Steven Bartlett hopes to inspire budding entrepreneurs as Dragons’ Den adds 700,000 extra viewers

Steven Bartlett has said he hopes to have inspired budding entrepreneurs with his Dragons’ Den debut which saw a surge in viewers for its first episode.

The businessman, who co-founded Social Chain with Dominic McGregor in Manchester, has also revealed exclusively to BusinessLive how it felt to go up against his fellow Dragons as well as what made him make his first investment.

According to BBC figures, not including iPlayer or future plays, this year’s opening episode secured an average 3.2 million viewers, up from the 2.8 million from the prior series.

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The show also peaked at 3.7 million viewers, up from 3.1 million for the corresponding episode for series 18.

How did it feel going up against the other Dragons for the first time?

“Honestly, I have the greatest deal of respect and admiration for my fellow dragons.

“These are the people that have played a role in inspiring my business journey since I was 12 years old.

“It’s funny because you would assume that the role of a Dragon is to give your opinion and maybe even teach the viewer at home something about business.

“What I didn’t anticipate was that I would learn even more, just by listening to my fellow Dragons, than I could possibly team myself.

“Debroah is so smart – a human calculator and she can detect bullshit, holes or dishonesty with her eyes closed.

“Peter isn’t just brilliantly smart, he’s a really good empathetic human being – and he taught me you can be kind and successful at the same time.

“Sara is real, she’s nice, she’s hilarious and very relatable – it’s not easy to be all those things and a fiery dragon at the same time but she’s mastered it.

“And Uncle Touker is one of the most entertaining wise individuals I’ve had the pleasure of working with – he brings a completely new, gripping, raw appeal to the den.”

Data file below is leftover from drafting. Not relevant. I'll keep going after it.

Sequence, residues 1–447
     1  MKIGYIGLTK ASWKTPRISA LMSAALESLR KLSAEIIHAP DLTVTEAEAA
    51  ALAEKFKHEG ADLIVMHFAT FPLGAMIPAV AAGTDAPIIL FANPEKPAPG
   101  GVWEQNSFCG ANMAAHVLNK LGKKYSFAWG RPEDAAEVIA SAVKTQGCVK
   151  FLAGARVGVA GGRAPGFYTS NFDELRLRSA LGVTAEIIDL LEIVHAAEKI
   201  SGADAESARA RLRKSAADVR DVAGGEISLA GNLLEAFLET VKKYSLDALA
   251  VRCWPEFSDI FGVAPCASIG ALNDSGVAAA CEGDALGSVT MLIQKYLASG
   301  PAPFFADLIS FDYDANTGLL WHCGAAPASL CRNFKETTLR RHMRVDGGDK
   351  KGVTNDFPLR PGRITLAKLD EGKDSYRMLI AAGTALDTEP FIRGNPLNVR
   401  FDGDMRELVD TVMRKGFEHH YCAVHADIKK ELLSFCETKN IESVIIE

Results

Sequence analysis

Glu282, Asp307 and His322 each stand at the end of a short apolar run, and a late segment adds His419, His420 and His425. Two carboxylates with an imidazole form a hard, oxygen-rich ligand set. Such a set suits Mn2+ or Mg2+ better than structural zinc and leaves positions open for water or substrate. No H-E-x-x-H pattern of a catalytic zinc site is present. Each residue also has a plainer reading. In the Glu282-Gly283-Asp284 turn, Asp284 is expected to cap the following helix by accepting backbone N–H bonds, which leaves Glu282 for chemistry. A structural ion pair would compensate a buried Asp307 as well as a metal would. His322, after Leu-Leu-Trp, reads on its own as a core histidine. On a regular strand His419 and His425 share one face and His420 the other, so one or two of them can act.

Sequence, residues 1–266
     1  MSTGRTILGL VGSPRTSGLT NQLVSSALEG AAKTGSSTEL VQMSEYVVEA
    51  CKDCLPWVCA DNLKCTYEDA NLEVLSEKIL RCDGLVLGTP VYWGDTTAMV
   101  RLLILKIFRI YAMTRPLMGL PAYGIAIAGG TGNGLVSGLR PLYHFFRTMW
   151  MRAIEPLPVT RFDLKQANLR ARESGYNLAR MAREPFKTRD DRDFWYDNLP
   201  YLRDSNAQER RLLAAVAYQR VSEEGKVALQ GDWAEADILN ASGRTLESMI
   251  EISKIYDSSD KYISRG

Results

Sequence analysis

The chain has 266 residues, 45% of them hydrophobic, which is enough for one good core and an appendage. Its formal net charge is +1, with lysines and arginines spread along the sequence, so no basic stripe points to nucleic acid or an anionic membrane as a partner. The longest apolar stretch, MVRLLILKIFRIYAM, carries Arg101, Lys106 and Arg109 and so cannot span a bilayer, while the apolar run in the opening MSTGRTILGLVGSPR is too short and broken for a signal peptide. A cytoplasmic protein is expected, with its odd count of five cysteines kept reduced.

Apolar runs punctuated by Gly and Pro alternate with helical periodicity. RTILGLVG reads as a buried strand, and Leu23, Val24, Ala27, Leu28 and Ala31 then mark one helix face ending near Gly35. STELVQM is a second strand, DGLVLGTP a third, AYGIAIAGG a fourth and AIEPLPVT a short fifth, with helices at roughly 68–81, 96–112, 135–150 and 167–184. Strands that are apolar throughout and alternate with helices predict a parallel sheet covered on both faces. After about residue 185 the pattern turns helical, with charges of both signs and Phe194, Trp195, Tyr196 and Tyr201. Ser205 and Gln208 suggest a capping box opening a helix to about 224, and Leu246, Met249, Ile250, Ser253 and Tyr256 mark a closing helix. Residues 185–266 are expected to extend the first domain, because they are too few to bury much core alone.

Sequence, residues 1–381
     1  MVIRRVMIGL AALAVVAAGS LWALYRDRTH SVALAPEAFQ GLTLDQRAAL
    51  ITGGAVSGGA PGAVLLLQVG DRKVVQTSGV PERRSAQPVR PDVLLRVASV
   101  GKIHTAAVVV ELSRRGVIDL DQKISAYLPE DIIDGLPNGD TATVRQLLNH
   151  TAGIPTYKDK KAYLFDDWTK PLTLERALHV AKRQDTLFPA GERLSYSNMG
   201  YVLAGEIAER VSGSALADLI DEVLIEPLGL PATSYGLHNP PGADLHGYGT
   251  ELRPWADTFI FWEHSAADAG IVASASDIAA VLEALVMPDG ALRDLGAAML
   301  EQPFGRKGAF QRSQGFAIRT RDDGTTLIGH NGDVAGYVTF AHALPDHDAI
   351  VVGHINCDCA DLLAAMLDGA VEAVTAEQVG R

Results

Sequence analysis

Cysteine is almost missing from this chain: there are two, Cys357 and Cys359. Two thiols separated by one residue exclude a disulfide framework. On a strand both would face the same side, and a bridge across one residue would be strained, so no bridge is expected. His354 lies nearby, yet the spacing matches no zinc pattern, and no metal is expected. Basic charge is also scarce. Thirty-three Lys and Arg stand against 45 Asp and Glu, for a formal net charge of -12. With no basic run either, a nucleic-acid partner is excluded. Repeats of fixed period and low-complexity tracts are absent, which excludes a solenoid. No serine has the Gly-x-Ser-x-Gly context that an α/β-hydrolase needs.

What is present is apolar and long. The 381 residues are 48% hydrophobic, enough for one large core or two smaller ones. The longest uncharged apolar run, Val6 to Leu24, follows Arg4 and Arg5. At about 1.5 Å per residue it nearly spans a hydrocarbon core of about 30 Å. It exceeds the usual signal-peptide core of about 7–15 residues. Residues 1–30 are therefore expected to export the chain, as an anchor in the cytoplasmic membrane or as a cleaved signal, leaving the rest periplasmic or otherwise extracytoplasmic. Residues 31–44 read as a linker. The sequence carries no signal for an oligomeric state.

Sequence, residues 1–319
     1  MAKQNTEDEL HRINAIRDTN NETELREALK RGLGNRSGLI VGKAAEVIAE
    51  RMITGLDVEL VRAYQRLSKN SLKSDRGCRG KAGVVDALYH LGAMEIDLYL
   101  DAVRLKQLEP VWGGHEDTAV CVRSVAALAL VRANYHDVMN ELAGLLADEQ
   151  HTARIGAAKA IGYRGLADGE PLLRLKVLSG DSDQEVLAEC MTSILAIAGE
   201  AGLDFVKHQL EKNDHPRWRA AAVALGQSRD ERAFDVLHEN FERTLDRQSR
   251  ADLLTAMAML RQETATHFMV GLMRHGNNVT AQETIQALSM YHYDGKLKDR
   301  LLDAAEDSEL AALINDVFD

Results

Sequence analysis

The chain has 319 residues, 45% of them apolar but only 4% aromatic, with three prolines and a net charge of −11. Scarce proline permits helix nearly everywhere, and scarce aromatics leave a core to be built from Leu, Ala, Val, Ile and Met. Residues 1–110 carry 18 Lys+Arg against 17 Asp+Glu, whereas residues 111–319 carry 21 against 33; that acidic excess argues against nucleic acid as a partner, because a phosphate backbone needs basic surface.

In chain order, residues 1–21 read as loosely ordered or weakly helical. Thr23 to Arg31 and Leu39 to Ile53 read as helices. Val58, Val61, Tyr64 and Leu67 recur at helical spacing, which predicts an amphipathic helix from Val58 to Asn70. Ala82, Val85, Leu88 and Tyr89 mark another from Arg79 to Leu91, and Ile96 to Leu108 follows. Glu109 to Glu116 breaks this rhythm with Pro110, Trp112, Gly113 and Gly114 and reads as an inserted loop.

What made you invest in cheesegeek?

“The entrepreneurs. That’s what I ultimately invest in – my conviction that these founders and their team will prevail. Also, the cheese was just mind-blowingly good.”

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What did the reaction on social media tell you about the importance of representation in business through Dragons’ Den?

“Honestly, the reaction didn’t have to tell me anything I didn’t already know.

“Role models you can relate to, because they look, sound, speak or have walked the same path as you, are the most relatable.

“So if we want everyone to hold big dreams, we’ve got to put everyone on our screens.”

Touker Suleyman, Sara Davies, Deborah Meaden, Steven Bartlett and Peter Jones (Image: BBC – Photographer: Andrew Farrington) What do you hope budding entrepreneurs took away from your performance in the first episode?

“There’s a lot of entrepreneurs that have followed me over the last 10 years – I saw some of them tweeting yesterday.

“Knowing that they saw me struggling 10 years ago – just a kid with a big idea, and now they see me sat there in the prestigious den chair, I hope will inspire them too.”

Steven Bartlett is the newest dragon on BBC’s Dragons’ Den (Image: BBC/Grab) Which is a better root to getting investment into a business, Dragons’ Den or The Apprentice- and why?

“Dragon’s Den. What you see on Dragon’s Den is real. There’s no script. I’m not told what to say.

“The producers don’t interrupt pitches. We sit there for anywhere between one and three hours and we have to decide if we’re giving our money to this business idea. To me this reflects reality.

“The Apprentice is more of a reality show, it’s more centred on drama and antics. I love that show too, but Dragon’s is THE business show in my opinion. Of course I would say that.”

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